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Battling Against Wisdom

Acts 27:5-12
When we had sailed across the open sea off the coast of Cilicia and Pamphylia, we landed at Myra in Lycia. There the centurion found an Alexandrian ship sailing for Italy and put us on board. We made slow headway for many days and had difficulty arriving off Cnidus. When the wind did not allow us to hold our course, we sailed to the lee of Crete, opposite Salmone. We moved along the coast with difficulty and came to a place called Fair Havens, near the town of Lasea. Much time had been lost, and sailing had already become dangerous because by now it was after the Day of Atonement. So Paul warned them, 'Men, I can see that our voyage is going to be disastrous and bring great loss to ship and cargo, and to our own lives also.' But the centurion, instead of listening to what Paul said, followed the advice of the pilot and of the owner of the ship. Since the harbour was unsuitable to winter in, the majority decided that we should sail on, hoping to reach Phoenix and winter there. This was a harbour in Crete, facing both south-west and north-west. (NIVUK)

This was to be Paul's last sea journey. He was sailing to Caesar's court in Rome, in company with indicted criminals, escorted by a centurion and soldiers. Paul had not been charged with any crime so he was allowed travelling companions, among whom was Aristarchus (Acts 27:2) and the physician-historian Luke (note: 'we' in Acts 27:1-28:16). The destination was God's plan (Acts 27:24), but the journey was not going well.

They had set off too late in the year and the strong north westerly winds were early. From Sidon, their route had to be modified: instead of sailing north west, they set a northerly course until close to the coast of (what is now) south east Turkey, in the lee of Cyprus. From there they went west to Myra (south west Turkey). Click here for a helpful map. From Myra the ship lost even more time. The ship was battling the worsening weather, and the centurion, the skipper and the ship owner were all battling wisdom.

In their minds, they wanted to get to Italy before winter. But that option was fast disappearing. As they edged westwards along the relatively-sheltered but rocky south coast of Crete, they reached Fair Havens. It was a useful summer port but lacked the protection needed from the violent north east winds which usually blew through the winter. Phoenix, on the other hand was a deep-water bay with good protection and four sources of fresh water. But to get there the ship would have to attempt to sail west into the strengthening north west winds. Paul said that it was foolish to even try, but the centurion decided that they should set sail for Phoenix. The ship's company and passengers (276 in total – Acts 27:37) also voted against Paul's wise assessment, risking the cargo of grain from Alexandria (Acts 27:6-38) and their lives.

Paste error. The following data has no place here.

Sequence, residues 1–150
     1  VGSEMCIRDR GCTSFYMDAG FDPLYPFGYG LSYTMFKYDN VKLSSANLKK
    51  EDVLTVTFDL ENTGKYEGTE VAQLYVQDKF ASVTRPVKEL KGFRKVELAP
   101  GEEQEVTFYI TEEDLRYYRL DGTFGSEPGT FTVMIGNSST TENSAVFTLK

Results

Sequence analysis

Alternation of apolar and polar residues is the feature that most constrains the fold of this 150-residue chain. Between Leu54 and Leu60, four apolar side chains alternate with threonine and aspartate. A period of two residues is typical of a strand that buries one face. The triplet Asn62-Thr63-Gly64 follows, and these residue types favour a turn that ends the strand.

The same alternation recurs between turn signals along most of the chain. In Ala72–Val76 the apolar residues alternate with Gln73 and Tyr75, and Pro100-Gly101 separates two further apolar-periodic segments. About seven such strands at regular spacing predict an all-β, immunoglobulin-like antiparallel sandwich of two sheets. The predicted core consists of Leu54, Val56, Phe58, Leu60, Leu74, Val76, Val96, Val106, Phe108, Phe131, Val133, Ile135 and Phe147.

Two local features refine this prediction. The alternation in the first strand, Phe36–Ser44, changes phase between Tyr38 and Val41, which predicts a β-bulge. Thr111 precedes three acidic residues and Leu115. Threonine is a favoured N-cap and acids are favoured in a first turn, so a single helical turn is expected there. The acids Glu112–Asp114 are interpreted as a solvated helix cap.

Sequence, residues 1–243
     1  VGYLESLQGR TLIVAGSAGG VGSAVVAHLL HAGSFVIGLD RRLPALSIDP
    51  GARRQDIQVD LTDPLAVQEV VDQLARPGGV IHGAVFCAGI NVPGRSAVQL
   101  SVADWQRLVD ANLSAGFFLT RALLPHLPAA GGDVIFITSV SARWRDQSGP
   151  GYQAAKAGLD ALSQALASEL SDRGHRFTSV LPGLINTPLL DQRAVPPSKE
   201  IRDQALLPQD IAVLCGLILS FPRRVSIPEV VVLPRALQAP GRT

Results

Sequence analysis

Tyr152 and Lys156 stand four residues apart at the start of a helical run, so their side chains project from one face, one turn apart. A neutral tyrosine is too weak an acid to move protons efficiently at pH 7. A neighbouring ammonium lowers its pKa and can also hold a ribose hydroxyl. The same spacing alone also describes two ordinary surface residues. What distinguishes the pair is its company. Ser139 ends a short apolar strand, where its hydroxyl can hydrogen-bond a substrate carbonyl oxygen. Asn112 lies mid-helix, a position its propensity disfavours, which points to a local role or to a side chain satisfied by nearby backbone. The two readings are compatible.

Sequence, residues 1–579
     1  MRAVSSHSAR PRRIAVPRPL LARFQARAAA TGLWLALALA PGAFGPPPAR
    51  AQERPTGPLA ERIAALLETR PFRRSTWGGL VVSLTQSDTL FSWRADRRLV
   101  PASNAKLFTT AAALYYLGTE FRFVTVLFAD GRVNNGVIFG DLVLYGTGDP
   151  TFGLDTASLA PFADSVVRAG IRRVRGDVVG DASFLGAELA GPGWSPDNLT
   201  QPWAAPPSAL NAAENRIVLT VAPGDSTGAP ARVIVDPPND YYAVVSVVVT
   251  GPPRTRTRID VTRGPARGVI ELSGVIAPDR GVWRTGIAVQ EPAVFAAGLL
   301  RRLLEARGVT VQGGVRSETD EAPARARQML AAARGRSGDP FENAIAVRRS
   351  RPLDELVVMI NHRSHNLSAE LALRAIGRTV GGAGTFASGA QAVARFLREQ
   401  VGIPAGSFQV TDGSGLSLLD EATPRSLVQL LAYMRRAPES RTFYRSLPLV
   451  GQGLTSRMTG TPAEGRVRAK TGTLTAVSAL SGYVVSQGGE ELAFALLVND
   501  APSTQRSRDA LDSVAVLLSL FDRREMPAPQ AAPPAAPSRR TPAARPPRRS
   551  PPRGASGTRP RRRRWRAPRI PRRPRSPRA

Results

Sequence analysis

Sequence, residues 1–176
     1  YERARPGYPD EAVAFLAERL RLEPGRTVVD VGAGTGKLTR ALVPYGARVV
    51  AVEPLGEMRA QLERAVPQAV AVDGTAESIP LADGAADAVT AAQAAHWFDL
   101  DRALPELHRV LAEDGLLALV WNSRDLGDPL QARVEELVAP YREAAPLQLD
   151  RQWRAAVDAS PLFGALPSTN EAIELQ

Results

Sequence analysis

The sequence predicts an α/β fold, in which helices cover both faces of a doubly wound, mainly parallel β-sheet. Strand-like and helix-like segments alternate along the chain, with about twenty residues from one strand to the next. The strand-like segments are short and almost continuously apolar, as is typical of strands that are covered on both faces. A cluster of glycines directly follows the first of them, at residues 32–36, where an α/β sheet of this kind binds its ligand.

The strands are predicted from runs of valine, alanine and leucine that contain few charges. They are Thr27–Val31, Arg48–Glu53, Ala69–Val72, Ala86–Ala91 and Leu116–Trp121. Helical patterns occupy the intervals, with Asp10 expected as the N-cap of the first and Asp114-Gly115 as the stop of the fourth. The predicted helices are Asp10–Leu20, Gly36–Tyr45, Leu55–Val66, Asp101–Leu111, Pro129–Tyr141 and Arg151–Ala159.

It is good to be determined, but very foolish to battle against wisdom. The Lord gave the captain, ship owner and centurion opportunities to make different decisions. They should have stayed in the well protected port of Myra. But they allowed their commercial greed and military objectives to overrule wise navigation, and God's messenger. Pride, pressure, money and Satan can all make us think we can live independently from reality and wisdom. Judas Iscariot is a classic example (Luke 22:3-6). So, accept wise advice, the urge of conscience and the Word of God; do not be propelled into irreversible folly. Do not battle against God's will because you think you know better even if others agree with you. Stop!

God of all wisdom. Thank You for revealing all I need for eternal life and godly living. I repent of those times when I have allowed myself to despise Your wisdom and be propelled by evil foolishness. Please forgive me and help me to learn to practise the wisdom which comes with obeying Jesus Christ. In His Name. Amen.
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© Dr Paul Adams